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Project highlights: Stable Version: 1.6.1, Development Version: 1.7.6

Configuring Up2date

The configuration file for up2date is located in /etc/sysconfig/rhn/up2date. It is a simple ASCII text file, and the format is a simple key=value type, with no more than one key/value pair per line.


If you work working with clients using Red Hat Linux 7.3 or earlier you will need to modify /etc/sysconfig/rhn/rhn_register as well. It contains similar information to the up2date configuration file. This same modifications you make to the up2date configuration file need to be made here as well.

There are three lines in this file we are concerned about. The first one we will cover deals with the certificate file generated by the user of Current when first initializing the server. The default setting, as shipped by Red Hat is:


For our discussion, we will assume you have already places the certificate file on the client system as discussed above, and given it the name CURRENT-CA-CERT. To use that file, simply change the line above to read:


The other two lines we are concerned about are the lines giving the location of both the SSL and non-SSL server(s) from which to actually retrieve package information and actual packages. Those two lines, as shipped by Red Hat, are:


for the SSL server, and


for the non-SSL server. The portion you will need to modify is the hostname portion of the URLs; if you modify the /XMLRPC portion of the URLs, neither rhn_register nor up2date will work with your Current server. For my testing purposes, which involves using the same machine as both client and server, those lines appear in my configuration file as:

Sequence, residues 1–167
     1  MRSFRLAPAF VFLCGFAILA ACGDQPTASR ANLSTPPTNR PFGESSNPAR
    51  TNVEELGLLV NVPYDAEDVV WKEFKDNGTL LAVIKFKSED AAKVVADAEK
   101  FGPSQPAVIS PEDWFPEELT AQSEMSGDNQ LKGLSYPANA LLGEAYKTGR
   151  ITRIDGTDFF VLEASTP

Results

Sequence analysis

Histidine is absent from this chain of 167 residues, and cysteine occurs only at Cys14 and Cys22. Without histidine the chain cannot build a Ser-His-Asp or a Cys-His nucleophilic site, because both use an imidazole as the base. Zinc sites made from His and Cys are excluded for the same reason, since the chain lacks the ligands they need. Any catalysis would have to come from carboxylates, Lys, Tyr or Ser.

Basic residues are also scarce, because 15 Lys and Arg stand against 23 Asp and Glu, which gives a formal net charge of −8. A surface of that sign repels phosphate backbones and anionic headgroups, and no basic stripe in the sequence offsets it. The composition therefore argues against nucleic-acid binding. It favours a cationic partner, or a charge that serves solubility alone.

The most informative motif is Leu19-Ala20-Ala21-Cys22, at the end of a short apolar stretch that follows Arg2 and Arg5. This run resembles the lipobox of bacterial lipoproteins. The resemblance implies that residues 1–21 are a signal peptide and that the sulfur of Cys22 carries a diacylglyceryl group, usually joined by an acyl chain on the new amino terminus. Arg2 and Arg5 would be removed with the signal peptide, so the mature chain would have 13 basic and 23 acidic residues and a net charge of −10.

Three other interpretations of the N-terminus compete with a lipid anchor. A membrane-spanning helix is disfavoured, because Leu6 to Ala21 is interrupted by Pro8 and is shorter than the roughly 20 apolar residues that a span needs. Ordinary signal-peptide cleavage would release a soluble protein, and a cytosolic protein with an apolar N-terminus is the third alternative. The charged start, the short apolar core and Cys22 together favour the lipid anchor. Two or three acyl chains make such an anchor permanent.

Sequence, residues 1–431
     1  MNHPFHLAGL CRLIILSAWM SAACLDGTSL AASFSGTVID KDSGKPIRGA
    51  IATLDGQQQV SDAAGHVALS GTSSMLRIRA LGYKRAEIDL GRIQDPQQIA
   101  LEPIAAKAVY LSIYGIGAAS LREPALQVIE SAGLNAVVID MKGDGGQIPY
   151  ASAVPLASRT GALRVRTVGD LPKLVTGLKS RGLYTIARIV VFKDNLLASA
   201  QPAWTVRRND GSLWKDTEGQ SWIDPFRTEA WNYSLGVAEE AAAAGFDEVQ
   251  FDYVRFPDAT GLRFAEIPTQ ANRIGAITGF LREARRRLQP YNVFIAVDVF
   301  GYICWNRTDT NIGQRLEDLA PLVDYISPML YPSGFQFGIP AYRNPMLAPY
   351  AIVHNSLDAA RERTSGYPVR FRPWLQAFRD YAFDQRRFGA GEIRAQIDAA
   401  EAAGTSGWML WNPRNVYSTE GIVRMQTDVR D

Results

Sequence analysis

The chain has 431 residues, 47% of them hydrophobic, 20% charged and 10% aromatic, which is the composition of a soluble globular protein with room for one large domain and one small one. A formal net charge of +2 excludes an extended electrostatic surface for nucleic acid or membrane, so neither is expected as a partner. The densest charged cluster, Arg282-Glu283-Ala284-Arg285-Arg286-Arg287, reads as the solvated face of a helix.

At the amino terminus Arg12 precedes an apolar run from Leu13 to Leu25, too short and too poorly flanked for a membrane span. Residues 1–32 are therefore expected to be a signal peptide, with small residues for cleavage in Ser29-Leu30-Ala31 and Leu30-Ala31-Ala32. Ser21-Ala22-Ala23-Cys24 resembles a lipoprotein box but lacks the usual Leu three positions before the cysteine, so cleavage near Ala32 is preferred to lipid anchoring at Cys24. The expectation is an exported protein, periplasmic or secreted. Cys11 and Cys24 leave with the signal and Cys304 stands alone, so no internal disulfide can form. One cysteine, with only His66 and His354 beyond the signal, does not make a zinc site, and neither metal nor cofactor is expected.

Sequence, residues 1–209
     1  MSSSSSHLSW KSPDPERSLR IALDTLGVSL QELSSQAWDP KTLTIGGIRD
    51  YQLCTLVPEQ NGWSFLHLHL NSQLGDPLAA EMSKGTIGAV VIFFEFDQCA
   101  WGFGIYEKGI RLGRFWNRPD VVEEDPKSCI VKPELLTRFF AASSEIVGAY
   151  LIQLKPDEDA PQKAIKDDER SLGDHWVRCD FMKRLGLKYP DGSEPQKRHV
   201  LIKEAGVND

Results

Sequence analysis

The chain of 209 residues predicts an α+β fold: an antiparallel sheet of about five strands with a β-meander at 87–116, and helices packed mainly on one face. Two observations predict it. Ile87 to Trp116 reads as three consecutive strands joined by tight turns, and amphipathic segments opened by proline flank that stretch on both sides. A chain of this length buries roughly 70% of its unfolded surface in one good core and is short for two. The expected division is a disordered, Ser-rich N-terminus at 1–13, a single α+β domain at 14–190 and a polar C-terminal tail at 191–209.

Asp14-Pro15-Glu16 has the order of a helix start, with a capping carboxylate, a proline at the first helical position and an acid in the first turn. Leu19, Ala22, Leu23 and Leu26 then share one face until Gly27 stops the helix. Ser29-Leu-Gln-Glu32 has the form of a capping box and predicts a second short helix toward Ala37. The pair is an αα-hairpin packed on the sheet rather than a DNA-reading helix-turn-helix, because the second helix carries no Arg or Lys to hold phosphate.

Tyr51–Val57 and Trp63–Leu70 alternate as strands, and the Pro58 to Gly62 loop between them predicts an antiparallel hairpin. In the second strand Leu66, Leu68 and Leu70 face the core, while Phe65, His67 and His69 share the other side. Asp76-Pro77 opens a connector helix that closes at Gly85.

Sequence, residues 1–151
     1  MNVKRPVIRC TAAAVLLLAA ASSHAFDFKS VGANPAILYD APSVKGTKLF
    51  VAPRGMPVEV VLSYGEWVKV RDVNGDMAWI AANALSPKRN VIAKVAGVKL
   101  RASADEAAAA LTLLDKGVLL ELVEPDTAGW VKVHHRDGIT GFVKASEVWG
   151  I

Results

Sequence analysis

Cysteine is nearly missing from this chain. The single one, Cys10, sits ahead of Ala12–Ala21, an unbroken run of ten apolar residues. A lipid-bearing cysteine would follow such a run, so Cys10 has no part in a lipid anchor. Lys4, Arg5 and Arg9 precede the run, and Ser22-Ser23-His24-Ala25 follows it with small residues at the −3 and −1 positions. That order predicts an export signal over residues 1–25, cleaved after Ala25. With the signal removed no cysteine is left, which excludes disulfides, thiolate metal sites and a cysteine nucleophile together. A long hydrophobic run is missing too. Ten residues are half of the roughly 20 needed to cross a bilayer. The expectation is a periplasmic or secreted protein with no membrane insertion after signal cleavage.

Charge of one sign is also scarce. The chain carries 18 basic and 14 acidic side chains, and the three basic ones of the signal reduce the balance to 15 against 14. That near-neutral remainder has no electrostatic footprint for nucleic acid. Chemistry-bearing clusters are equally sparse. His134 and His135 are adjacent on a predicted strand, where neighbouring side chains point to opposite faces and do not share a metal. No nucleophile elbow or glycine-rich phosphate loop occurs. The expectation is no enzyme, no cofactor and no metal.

The next line of concern in the up2date configuration file is not critical to normal operations, but needs to be mentioned for those security-conscious individuals who use GPG to sign custom or modified packages. In the default Red Hat configuration, there is a line:


which tells the up2date client where to find the GPG key to use to verify package signatures. If you wish to use GPG signature verification on the clients, you must either change this line to reflect the location of the GPG key used to sign the packages (after putting that key into a key ring on the client, of course), or you must add that key to the key ring in the file specified.

Please note that if you choose to GPG sign your packages, you must use one of the two above methods to allow signature checking; a recent change to RPM now requires a signature check to pass if there is a GPG signature on the package. This is not a behavior of Current or of up2date, but is a behavior of RPM itself.